Motorists in Britain have been hit by record-high petrol prices.
The RAC said drivers are forking out an average of 120p per litre of petrol, with prices as high as 131.9p in some parts of the country. The previous all-time high of 119.7p was recorded in July 2008.
RAC motoring strategist Adrian Tink said: "This is a dark day for motorists. Petrol prices have been rising steadily over the past year and have now reached the inevitable record high."
A combination of factors - tax increases since December 2008 which have added 10p to the prices, as well as a weak pound and rising wholesale prices of petrol since the start of this year - have led to the latest peak, said RAC.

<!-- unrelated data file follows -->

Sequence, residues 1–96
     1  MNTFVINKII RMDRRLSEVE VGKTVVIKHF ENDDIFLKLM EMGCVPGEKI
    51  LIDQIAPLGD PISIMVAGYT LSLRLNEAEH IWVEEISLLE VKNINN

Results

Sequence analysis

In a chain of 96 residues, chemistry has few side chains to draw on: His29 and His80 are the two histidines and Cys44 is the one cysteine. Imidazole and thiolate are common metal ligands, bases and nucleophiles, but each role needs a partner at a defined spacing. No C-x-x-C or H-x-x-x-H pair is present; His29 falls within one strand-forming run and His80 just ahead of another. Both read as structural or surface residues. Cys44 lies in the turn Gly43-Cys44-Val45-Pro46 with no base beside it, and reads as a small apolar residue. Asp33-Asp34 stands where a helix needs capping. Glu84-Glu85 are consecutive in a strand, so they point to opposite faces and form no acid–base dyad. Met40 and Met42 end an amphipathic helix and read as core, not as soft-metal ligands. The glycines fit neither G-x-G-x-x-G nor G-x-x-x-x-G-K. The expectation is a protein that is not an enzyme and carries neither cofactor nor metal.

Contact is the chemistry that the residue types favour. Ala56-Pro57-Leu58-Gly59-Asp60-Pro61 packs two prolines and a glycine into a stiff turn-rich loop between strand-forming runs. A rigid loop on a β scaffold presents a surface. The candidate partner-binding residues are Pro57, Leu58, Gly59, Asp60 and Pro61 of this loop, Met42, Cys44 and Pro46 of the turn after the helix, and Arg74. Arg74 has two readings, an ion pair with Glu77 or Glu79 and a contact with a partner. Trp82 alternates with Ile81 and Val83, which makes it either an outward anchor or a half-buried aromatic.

Meanwhile, the Government has already raised fuel duty by 1p a litre, with plans for a further 1p increase in the autumn and a 0.76p hike in January next year.
Mr Tink said: "With the election campaign now in full swing, Britain's hard-pressed motorists will be keen to hear what the political parties have to say about the escalating petrol prices.
"This is a key issue for Britain's 32 million motorists, who are watching their bank accounts drained every time they fill up."
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